Last week I was at a game for my son’s soccer team. One of his teammates, who is typically a ball hog, dribbled until he had a bad angle and took a shot that went nowhere near the goal.
A bunch of parents shouted about his good shot.
But it was selfish play and a bad shot. He should have crossed it.
I couldn’t blame the kid. He repeatedly takes lousy shots, and the sideline shouts out accolades and affirmations. It’s rare his shots are even on goal, and even less likely for them to go in.
That Wayne Gretzky Quote
One of the quotes I see most often in business presentations is that one from hockey legend Wayne Gretzky: “You miss 100% of the shots you don’t take.”
That’s not the whole quote, though. It’s the end of a bigger thought.
“The day I stop giving is the day I stop receiving. The day I stop learning is the day I stop growing. You miss 100% of the shots you don’t take.”
And yes, the premise is true that you do miss 100% of the shots you don’t take. However, it gives the impression that The Great One was firing off shots at every opportunity. But he wasn’t.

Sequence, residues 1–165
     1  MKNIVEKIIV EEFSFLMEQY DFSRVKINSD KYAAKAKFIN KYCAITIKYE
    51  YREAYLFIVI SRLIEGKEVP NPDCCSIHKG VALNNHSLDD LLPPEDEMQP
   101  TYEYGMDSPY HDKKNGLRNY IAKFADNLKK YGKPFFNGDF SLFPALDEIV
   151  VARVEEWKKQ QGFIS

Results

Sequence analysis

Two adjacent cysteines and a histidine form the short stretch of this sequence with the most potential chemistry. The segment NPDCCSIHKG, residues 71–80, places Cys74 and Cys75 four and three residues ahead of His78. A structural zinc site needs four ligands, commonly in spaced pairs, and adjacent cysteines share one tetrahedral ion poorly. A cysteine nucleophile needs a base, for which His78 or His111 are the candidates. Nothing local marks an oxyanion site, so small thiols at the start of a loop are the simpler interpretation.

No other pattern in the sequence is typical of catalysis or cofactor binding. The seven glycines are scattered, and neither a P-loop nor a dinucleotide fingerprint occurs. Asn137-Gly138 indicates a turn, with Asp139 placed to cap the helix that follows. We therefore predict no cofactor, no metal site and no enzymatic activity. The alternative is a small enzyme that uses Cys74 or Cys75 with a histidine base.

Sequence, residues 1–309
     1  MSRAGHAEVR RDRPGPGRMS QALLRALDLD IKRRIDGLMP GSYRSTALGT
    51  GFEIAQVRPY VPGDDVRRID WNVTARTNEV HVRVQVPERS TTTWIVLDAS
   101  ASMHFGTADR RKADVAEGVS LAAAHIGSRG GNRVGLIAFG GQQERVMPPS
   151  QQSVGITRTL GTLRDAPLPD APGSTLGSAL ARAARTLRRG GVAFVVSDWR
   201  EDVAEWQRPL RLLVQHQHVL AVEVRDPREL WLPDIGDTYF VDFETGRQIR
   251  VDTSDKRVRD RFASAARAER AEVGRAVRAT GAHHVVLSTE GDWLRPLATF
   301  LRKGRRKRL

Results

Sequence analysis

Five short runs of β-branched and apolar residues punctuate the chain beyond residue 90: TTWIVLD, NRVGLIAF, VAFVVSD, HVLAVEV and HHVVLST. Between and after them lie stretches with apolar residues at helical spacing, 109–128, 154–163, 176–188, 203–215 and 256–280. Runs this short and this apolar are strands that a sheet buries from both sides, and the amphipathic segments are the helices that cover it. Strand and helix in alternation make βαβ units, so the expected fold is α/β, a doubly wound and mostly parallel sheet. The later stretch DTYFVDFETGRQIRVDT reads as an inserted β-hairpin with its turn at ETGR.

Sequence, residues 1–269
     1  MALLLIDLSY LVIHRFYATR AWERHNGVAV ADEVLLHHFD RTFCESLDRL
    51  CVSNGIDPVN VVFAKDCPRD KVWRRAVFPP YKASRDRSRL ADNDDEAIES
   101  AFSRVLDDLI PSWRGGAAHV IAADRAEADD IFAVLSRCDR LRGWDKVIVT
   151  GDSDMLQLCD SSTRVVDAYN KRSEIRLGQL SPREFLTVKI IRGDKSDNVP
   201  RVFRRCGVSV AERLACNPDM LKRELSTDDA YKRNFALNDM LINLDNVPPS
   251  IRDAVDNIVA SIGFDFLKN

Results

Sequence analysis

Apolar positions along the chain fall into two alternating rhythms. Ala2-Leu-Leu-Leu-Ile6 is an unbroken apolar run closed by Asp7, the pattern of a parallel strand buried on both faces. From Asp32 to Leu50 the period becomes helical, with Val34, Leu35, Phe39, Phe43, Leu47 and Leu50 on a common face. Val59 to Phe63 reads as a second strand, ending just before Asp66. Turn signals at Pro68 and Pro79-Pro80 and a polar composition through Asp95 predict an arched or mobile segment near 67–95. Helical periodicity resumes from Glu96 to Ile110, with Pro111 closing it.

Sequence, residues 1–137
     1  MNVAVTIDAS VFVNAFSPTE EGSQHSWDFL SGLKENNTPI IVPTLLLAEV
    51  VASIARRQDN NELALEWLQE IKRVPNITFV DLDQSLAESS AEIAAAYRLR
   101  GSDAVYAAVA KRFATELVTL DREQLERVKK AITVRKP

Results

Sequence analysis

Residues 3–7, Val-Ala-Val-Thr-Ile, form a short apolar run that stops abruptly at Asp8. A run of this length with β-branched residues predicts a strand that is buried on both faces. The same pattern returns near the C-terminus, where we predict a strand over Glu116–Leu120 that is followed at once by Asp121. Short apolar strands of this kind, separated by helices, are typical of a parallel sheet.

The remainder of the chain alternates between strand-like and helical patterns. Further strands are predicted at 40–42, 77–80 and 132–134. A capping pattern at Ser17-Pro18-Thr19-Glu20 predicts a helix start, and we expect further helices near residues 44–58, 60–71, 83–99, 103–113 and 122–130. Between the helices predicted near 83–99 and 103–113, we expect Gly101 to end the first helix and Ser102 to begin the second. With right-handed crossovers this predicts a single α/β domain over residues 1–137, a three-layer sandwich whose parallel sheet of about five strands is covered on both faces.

Gretzky has the NHL record for most goals all-time with 894 in the regular season.
Another notable item in the record books for Wayne Gretzky is the most assists in the regular season at 1,963. His assist total is more than 700 higher than the number two guy, Ron Francis.
Pass It More Than You Shoot
Wayne Gretzky scored tons of goals. I don’t think another player ever eclipses his record. And even less likely that another hockey player gets more assists than him in the NHL.
Remember this fact – he had more than twice as many assists as goals. That brings it back to the first part of his quote, “The day I stop giving is the day I stop receiving.”
He didn’t play selfishly – he directly helped his teammates score way more goals than he scored personally.
While the quote about the shots is probably his most popular one, I prefer a comment he shared in an interview a couple of years ago in Entrepreneur Magazine.
When asked which of his 60 records he’d like people to remember him for most, he responded, “Records come and go. When people remember me, I want them to say, ‘That guy worked as hard as he could on every single shift.’”
What is your work style, your work ethic? Do you go for the individual glory with each opportunity, or do you make decisions that will benefit your team the most?
Don’t be confused by clowns telling you those bad shots are good. Pass it off when somebody else has a better angle on it.